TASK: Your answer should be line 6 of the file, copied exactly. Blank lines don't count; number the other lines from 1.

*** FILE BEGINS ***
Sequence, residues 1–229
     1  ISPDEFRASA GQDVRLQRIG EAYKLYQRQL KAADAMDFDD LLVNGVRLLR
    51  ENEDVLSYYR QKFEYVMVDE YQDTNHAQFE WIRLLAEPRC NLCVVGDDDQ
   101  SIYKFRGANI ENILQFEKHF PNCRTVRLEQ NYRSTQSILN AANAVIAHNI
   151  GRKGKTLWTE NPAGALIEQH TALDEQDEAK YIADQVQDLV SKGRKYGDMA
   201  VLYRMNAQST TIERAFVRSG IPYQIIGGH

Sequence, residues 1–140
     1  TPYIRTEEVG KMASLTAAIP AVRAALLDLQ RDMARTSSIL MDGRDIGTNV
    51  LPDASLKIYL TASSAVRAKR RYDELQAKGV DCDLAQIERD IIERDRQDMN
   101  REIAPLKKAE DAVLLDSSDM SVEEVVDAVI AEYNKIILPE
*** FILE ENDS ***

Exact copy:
   201  VLYRMNAQST TIERAFVRSG IPYQIIGGH